Interviewing candidates

One thing I really like about my job is that every now and again I'm given the opportunity to interview a potential new hire. Yup, me - your average localizer - is asked to give my opinion on a decision that can huge impact on the future of both my group and Microsoft as a whole.

Interviewing people is hard though. I've taken the mandatory HR training so I know roughly the rules of the game; topics to avoid and how to ask questions smartly, but that's the easy part...

One thing that makes interviewing hard is that my team covers such a mix of disciplines that it isn't always clear what we really require or want from a candidate. Once we had three amazingly strong candidates that all had completely different backgrounds. Map them on a skill chart and you'd get a perfect triangle.

Another challenge is to keep on coming up with new questions to ask and making sure that the questions are suited for the candidate. I'm often given the task to verify the candidate's technical skills, and of course I have to adapt the questions to whatever the candidate claims to know. I don't want to do the classic "how do you reverse a linked list" or anything else you might expect, and I don't want to ask about things I have no reason to believe that the candidate actually knows.

Sometimes you get really surprised. Once, somebody's CV said that they had strong SQL Server knowledge, so I prepared a good few questions around database design and SQL Server management. Early in the interview, I asked "What are the ACID properties" as a warm-up question. The candidate looked puzzled for a while and then said, "oh, I didn't know that there would be technical questions"...

When I interviewed somebody on Monday, I tried something new. Instead of asking the candidate to write code on the white board (quite common for interviews here), I wrote down two code snippets from

Dictionary<object, object> myDictionary = new Dictionary<object, object>();
public enum Bool {

I then asked the candidate to tell me what's wrong with the code snippets. It went pretty well, so I might do this again. Depending on the code snippet, it can lead to some interesting discussions and it can be a chance to share a laugh too.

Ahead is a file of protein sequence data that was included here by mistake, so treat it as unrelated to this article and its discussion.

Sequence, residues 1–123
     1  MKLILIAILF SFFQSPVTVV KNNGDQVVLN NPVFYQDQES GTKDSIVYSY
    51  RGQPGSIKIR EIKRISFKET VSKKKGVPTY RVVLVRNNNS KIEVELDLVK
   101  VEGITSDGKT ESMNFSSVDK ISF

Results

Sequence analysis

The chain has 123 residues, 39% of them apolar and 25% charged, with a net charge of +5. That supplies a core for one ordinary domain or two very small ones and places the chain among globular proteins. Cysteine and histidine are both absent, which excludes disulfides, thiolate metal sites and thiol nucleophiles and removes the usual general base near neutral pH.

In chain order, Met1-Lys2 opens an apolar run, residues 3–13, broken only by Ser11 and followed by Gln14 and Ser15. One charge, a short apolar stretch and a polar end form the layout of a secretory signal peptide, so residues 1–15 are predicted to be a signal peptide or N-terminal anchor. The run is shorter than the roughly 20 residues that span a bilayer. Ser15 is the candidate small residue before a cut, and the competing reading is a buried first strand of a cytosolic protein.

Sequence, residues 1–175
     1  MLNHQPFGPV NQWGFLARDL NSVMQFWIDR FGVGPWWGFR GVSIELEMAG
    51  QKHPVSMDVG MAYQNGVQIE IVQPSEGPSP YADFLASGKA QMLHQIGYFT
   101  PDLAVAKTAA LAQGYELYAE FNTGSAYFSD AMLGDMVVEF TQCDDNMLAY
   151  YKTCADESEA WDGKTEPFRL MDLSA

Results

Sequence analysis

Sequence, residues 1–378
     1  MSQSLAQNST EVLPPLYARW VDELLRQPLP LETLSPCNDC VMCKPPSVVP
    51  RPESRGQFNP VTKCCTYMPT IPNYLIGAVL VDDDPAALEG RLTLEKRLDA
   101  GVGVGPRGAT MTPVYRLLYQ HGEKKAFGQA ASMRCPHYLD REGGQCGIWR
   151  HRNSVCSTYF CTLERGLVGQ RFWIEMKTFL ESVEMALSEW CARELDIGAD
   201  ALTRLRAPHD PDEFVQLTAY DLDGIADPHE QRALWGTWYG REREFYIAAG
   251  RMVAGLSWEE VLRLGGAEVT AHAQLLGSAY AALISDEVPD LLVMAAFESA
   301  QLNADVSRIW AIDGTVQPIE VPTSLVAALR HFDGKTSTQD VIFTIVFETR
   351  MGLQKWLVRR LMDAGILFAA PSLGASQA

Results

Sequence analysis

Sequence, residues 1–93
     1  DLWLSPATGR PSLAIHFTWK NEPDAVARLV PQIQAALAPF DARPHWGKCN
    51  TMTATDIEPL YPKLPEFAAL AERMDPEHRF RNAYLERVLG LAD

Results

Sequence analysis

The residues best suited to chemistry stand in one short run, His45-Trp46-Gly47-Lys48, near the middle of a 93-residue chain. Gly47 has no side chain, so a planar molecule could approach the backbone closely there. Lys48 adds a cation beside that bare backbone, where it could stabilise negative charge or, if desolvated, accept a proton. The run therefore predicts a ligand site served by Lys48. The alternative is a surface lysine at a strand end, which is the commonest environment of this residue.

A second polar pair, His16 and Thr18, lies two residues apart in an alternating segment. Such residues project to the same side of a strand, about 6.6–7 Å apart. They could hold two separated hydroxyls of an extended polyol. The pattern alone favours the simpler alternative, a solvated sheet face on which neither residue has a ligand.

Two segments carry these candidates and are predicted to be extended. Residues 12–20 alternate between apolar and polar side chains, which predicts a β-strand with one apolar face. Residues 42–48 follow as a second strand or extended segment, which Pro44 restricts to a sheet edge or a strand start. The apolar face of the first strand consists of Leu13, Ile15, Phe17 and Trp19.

The third challenge is that I only have an hour to talk to the candidate, and usually a ten-fifteen minutes are lost because the previous interview ran late or due to some other practicality. In the short amount of time that's left, I'm supposed to make the person feel comfortable enough that they can bring out their best sides, get the information I need to say "Hire" or "No Hire" - often covering several complex topics - and also sell Microsoft and answer any questions the interviewee might have. It ain't easy.

Overall, I think that the hiring process is OKish here. One thing specifically I think is missing is a feedback channel after the interviews. I never really know if I did a good job as an interviewer or how I can improve. If I happened to interview you in the past, please feel free to send me any comments you might have. Good or bad, anonymous or not, I'm interested in anything you may have to say.

This posting is provided "AS IS" with no warranties, and confers no rights.

Förresten, just nu hjälper jag en annan grupp med att intervjua kandidater. Om du är svensk, bosatt i Seattle-området och är intresserad av en fjortonveckors projektanställning som testare av nästa version av de svenska språkverktygen (t.ex. stavnings- och grammatikkontroll), skicka ett mail till och/eller (på engelska) och be om mer information. Kanske vill du nämna att det rör sig om "testing Swedish proofing tools for the Speech and Natural Language Group". Kanske leder det till att jag slår en signal till dig...